Skip to main content
U.S. flag

An official website of the United States government

Skagit River coho salmon life history model—Users’ guide

September 29, 2017

Natural resource management is conducted in the context of multiple anthropogenic stressors and is further challenged owing to changing climate. Experiments to determine the effects of climate change on complex ecological systems are nearly impossible. However, using a simulation model to synthesize current understanding of key ecological processes through the life cycle of a fish population can provide a platform for exploring potential effects of and management responses to changing conditions. Potential climate-change scenarios can be imposed, responses can be observed, and the effectiveness of potential actions can be evaluated. This approach is limited owing to future conditions likely deviating in range and timing from conditions used to create the model so that the model is expected to become obsolete. In the meantime, however, the modeling process explicitly states assumptions, clarifies information gaps, and provides a means to better understand which relationships are robust and which are vulnerable to changing climate by observing whether and why model output diverges from actual observations through time. The purpose of the model described herein is to provide such a decision-support tool regarding coho (Oncorhynchus kisutch) salmon for the Sauk-Suiattle Indian Tribe of Washington State.

The Skagit coho salmon model is implemented in a system dynamics format and has three primary stocks—(1) predicted smolts, (2) realized smolts, and (3) escapement. “Predicted smolts” are the number of smolts expected based on the number of spawners in any year and the Ricker production curve. Pink salmon (Oncorhynchus gorbuscha) return to the Skagit River in odd years, and when they overlap with juvenile rearing coho salmon, coho smolt production is substantially higher than in non-pink years. Therefore, the model uses alternative Ricker equations to predict smolts depending on whether their juvenile year was a pink or non-pink year. The stock “realized smolts” is calculated based on the expected effect of streamflow conditions to alter the productivity predicted by the Ricker curve. Adverse conditions include scouring flow events that occur when redds are present; high-flow events during winter on juveniles, which can cause fish displacement and adverse water turbidity; and extremely low flows in summer. The stock “escapement” represents the fish remaining after accounting for ocean mortality and harvest. Ocean mortality has been linked with indices of ocean conditions, which are related to ocean biological productivity. Ocean survival also may have a density-dependent component such that lower survival is associated with higher numbers of smolts. The model allows the user to change certain model parameters and inputs, and choose among alternative predictors for certain modeled relations.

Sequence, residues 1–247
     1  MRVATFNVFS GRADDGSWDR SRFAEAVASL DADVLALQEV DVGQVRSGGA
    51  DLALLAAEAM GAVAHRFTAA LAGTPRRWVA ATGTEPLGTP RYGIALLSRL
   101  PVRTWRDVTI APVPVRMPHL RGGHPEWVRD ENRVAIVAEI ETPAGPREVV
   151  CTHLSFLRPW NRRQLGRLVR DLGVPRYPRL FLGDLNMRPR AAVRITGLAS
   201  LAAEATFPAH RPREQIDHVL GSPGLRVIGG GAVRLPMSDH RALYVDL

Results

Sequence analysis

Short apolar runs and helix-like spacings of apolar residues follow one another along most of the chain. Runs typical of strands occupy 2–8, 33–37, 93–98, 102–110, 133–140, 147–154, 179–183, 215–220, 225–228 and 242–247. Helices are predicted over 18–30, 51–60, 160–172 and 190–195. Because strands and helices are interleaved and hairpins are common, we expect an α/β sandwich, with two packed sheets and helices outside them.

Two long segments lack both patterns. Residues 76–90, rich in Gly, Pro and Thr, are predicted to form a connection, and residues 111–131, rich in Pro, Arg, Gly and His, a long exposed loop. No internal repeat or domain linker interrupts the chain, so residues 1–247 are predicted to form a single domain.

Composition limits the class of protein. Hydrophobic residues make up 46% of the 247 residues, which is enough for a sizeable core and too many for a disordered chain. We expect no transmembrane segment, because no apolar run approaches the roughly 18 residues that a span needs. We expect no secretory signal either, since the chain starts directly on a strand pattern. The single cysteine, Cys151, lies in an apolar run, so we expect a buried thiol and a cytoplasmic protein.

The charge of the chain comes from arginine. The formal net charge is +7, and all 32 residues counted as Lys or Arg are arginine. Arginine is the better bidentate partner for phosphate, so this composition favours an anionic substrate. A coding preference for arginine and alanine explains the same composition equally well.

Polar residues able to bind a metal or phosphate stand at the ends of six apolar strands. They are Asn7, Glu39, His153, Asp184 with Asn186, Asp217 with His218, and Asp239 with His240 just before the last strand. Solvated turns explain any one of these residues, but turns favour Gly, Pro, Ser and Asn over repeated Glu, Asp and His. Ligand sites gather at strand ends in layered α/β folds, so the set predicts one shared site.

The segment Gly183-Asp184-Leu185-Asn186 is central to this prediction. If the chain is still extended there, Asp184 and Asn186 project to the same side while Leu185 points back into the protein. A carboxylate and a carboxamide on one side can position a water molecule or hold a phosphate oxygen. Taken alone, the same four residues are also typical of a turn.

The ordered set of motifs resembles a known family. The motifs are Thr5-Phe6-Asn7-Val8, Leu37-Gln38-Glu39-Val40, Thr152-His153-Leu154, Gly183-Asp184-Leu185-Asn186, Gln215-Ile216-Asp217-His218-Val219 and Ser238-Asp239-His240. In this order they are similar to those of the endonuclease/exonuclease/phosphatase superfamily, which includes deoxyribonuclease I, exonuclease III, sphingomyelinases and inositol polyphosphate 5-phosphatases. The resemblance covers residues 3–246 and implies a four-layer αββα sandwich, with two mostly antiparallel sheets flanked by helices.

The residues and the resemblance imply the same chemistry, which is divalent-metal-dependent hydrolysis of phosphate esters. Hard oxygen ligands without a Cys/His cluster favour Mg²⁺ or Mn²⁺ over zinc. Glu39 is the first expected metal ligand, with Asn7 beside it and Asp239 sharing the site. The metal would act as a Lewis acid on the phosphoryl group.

Publication Year 2017
Title Skagit River coho salmon life history model—Users’ guide
DOI 10.3133/ofr20171125
Authors Andrea Woodward, Grant Kirby, Scott Morris
Publication Type Report
Publication Subtype USGS Numbered Series
Series Title Open-File Report
Series Number 2017-1125
Index ID ofr20171125
Record Source USGS Publications Warehouse
USGS Organization Forest and Rangeland Ecosystem Science Center